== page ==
In 1951 Briet published her treatise on Documentation: Qu’est-ce que la documentation?, a text of great significance that considers documents not as material objects but “evidence in support of a fact“. Her expanded definition of documentation, marked a departure from previous definitions asking the question:
“Is a star a document? Is a pebble rolled by a torrent a document? Is a living animal a document? No. But the photographs and the catalogues of stars, the stones in a museum of mineralogy , and the animals that are cataloged and shown in a zoo, are documents.”
In 1997, Michael Buckland’s What is a Document? revived interest in Briet’s concept of Documentation and led to a renewed interest in the study of Documentation, providing a foundation for modern debates about the nature of documents.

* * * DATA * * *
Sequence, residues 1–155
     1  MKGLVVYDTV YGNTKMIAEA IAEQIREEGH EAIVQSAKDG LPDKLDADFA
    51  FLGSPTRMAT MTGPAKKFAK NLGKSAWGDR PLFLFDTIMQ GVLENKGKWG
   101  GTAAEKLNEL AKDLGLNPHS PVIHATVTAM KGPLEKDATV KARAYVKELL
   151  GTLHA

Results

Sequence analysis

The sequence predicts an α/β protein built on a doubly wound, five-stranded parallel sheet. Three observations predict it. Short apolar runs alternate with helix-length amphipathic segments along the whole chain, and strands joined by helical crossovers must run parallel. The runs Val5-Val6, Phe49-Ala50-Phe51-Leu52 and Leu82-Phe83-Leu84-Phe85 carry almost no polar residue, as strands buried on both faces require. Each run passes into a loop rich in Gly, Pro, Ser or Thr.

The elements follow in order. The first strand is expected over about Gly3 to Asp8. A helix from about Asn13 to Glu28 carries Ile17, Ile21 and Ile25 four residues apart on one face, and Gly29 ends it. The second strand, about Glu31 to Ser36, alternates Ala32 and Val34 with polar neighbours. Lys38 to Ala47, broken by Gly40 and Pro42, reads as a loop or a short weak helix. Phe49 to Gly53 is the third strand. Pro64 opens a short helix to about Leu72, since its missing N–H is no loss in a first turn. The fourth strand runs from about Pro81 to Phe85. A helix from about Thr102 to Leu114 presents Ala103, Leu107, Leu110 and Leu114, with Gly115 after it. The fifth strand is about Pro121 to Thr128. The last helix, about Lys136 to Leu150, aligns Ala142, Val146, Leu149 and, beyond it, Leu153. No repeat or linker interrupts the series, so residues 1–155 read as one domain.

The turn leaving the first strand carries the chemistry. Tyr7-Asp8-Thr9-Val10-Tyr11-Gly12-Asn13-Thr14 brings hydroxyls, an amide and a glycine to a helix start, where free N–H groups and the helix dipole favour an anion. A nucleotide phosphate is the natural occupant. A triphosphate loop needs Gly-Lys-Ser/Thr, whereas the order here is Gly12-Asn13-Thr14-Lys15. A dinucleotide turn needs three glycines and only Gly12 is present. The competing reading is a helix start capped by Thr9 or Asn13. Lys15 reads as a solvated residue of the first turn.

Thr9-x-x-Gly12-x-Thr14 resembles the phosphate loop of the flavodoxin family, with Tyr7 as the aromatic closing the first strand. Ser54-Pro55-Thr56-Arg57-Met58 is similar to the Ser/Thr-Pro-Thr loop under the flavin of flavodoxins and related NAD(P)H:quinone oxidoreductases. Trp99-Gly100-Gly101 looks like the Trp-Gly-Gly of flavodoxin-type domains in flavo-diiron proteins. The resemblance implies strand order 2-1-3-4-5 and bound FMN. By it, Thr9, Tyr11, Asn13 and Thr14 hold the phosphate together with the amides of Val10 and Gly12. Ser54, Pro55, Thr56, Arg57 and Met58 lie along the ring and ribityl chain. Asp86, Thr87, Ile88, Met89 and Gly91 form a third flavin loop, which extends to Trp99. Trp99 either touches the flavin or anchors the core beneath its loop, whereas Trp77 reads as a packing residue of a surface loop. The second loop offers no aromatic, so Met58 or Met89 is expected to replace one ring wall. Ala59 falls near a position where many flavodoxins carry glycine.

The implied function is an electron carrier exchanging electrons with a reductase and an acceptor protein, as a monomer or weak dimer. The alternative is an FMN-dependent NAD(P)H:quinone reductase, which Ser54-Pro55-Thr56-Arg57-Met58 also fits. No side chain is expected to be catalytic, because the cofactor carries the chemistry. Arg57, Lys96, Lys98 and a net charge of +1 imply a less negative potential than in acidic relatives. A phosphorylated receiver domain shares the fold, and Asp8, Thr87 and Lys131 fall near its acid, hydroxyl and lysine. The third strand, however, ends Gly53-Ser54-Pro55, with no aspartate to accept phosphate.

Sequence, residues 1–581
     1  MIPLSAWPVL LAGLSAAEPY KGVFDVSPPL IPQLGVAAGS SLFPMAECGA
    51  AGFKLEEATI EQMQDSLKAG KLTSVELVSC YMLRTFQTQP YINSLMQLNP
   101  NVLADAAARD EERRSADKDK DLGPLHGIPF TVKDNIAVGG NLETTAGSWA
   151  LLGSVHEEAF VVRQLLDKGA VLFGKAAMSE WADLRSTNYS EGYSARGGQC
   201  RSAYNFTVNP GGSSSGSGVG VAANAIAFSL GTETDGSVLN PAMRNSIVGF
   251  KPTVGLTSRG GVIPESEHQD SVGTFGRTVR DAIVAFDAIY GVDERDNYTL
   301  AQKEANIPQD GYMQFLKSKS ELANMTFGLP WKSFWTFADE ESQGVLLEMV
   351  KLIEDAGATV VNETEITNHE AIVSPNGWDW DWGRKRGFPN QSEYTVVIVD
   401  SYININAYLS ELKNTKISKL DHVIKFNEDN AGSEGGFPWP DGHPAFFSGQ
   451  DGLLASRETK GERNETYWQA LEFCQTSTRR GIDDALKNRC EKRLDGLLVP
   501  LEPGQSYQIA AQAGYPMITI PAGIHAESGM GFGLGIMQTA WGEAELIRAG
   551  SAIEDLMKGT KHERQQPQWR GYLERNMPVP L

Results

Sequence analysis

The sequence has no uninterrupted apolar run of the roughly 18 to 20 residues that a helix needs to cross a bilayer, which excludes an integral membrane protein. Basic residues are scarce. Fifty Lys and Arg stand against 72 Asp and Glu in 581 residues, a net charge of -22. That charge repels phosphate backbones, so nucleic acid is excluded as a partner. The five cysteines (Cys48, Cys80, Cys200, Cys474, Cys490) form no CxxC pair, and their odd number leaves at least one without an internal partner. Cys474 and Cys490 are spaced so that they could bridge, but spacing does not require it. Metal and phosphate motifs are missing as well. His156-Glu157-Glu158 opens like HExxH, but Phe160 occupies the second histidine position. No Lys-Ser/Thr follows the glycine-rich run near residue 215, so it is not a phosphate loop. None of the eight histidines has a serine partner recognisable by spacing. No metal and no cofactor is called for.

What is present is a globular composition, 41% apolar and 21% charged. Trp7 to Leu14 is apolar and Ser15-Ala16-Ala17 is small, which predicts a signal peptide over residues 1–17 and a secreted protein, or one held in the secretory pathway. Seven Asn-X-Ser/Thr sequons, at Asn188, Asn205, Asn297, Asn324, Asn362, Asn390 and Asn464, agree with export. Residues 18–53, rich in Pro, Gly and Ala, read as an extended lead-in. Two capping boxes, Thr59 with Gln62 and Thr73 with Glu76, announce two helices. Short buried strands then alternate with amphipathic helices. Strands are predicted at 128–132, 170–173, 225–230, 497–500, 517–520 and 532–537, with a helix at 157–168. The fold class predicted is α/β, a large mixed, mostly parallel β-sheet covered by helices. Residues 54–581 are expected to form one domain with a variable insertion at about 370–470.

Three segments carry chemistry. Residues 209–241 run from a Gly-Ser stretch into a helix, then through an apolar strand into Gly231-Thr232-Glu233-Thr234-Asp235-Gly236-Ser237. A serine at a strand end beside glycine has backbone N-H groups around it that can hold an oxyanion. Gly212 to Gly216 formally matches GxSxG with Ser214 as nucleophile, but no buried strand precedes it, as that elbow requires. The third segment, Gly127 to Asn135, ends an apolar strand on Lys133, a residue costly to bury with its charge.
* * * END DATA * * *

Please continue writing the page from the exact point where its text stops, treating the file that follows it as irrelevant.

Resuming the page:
Further reading: On Documenting Performance and Suzanne Briet
. . .
Richard de Bury (1281–1345)
Born at Bury St. Edmunds, Richard de Bury was a Benedictine monk, he studied at Oxford and became tutor to the Prince of wales, the future Edward III. Bury was a skilled diplomat and administrator, serving as keeper of the privy seal, chancellor and treasurer of the exchequer. One of the first English book collectors, he founded a library at Durham, searching far and wide for books and manuscripts. Prior to his death on 1345 De Bury wrote his Philobiblon, a collection of essays concerning the acquisition, preservation, and organization of books, in which he describes ‘his means and method’ of collecting books.
. . .
Melvil Dewey (10 December 1851—26 December 1931)